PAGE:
UPS Expands Shipping Options to Europe with Trade Direct Service

U.S. goods bound for Europe clear customs as consolidated unit before being individually shipped to destinations

U.S. goods bound for Europe clear customs as consolidated unit before being individually shipped to destinations

Atlanta  March 27, 2006  UPS has completed the rollout of its Trade Direct air and ocean services to facilitate export shipments from the United States and Canada to Europe.

Trade Direct services are intended to help companies streamline their supply chains by making it easier to move through customs those goods that are destined for multiple locations but transported in one shipment.

"Trade Direct eliminates the need for client distribution centers in the receiving country for breaking apart freight shipments, minimizing handling and carrying costs," UPS said in announcing the service expansion to cover North American goods headed to Europe.

Here's how Trade Direct works: Goods bound for Europe are individually packaged, labeled for delivery and then combined into one freight shipment. After moving by airplane or ship, the goods clear customs as a consolidated unit. That unit is then separated back into individual parcels or less than truckload (LTL) shipments, bypassing warehouse stops, and placed directly into the UPS small package system or into an LTL trucking line for final delivery.

As UPS handles the goods throughout this process, customers know where their shipments have last been scanned via UPS's tracking and shipping notification technology.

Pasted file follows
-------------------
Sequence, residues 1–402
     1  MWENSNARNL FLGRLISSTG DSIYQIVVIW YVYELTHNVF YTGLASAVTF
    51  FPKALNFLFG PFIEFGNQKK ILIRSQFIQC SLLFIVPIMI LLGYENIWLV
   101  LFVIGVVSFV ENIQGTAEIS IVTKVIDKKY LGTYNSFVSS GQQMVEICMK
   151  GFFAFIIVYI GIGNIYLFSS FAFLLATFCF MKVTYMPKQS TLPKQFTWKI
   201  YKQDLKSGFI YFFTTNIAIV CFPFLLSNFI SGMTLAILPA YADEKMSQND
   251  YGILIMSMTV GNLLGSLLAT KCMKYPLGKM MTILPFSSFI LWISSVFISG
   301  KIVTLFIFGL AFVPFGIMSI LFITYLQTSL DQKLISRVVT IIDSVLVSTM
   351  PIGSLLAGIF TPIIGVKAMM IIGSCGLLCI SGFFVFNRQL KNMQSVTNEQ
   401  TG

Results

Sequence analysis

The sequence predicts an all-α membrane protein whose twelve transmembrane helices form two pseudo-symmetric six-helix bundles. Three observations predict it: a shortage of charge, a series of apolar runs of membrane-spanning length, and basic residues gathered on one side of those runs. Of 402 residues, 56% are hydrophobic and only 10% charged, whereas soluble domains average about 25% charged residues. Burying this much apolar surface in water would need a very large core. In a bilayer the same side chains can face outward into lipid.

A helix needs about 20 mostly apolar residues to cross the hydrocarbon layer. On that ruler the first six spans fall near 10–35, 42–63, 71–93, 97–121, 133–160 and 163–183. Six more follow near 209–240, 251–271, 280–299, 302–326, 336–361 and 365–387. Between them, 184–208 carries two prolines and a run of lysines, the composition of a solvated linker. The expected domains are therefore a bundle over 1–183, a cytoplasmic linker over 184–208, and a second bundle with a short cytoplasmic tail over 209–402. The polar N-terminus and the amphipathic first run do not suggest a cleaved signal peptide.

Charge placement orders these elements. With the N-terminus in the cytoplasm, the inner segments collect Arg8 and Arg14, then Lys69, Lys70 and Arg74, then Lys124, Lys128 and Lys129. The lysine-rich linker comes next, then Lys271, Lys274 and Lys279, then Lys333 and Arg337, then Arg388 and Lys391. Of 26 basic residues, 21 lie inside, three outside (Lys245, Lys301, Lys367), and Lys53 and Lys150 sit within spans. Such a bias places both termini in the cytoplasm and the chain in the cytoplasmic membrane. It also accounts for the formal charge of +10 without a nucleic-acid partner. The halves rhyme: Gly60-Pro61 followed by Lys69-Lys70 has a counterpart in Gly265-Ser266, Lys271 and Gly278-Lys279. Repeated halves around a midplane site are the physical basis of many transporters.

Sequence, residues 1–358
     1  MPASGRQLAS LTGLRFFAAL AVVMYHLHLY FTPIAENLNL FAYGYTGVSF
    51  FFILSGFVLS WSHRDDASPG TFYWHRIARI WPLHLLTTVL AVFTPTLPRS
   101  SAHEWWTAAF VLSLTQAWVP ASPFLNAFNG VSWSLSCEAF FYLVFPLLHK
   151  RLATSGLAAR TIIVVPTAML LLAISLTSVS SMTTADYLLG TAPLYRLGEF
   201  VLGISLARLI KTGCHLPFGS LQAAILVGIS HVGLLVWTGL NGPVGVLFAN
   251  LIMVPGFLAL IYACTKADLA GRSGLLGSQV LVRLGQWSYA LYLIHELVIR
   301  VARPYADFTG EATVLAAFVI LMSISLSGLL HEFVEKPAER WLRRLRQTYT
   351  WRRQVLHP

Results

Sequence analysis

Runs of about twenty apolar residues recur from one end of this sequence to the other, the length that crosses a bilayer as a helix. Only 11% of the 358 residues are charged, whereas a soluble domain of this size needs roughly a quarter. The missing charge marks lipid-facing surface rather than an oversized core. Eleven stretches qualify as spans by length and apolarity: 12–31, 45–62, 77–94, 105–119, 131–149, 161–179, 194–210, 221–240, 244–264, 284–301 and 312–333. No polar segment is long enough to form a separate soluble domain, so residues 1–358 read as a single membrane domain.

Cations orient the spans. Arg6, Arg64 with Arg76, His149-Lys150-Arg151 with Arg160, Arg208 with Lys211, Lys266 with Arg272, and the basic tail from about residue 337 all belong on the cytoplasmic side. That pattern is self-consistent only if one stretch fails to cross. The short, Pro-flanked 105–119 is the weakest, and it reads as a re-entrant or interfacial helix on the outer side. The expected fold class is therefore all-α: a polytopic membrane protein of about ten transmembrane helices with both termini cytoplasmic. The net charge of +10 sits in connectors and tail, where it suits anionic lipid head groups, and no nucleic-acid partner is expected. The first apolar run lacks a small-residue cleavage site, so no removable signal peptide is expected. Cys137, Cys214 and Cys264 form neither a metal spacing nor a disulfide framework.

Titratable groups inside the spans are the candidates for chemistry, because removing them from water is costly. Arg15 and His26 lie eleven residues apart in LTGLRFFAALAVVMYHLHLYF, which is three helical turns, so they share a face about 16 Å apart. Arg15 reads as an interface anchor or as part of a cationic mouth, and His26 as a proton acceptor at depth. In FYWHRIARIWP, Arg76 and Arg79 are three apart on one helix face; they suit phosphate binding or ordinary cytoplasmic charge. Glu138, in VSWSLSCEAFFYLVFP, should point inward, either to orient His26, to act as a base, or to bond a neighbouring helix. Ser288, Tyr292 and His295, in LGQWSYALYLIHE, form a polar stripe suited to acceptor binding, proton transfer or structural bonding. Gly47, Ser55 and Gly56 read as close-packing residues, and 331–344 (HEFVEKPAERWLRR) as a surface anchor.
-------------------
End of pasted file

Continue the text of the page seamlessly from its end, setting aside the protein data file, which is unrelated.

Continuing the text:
Expanding Services

This latest expansion follows the implementation of the service in 2004 along other major routes. UPS launched Trade Direct services outbound from Europe to the United States in January 2005 as well as inbound from Asia to Europe in June 2005. A ground cross-border service also is available between the United States, Canada and Mexico.

"Businesses of all sizes are recognizing that their success is closely tied to the effective management of their supply chains," said Bob Stoffel, senior vice president at UPS' Supply Chain Group. "By using inbound and outbound Trade Direct services, our customers can efficiently accelerate trade along these key lanes between Canada, the U.S. and Europe."

North America and Europe stand at the nexus of global trade. In 2004 alone, the United States and the European Union exchanged $441.5 billion in goods, while Canada's two-way trade with Europe reached $62.9 billion.

With Trade Direct, UPS said its customers in the U.S. and Canadian markets now will be able to ship goods faster and more efficiently to Europe. The service offers a single point of contact, one shipping invoice and supply chain visibility through UPS Flex Global View technology, which provides tracking information at critical shipment milestones throughout the process.


Additional Articles of Interest

 Developing business continuity strategies and embedding business continuity processes into an organization's procurement process can enhance the organization's ability to actively assess and monitor vendor capabilities. To learn more, read "Integrating Business Continuity Criteria into Your Supply Chain," only on SDCExec.com.

 OEMs are ready to embrace Lean Manufacturing after the 2001 recession, but traditional approaches were designed for vertically integrated enterprises. The answer to their problem? Extended Lean and Statistical Kanban. Read more in "Extended Lean Can Make Your Supply Chain Hum," only on SDCExec.com.


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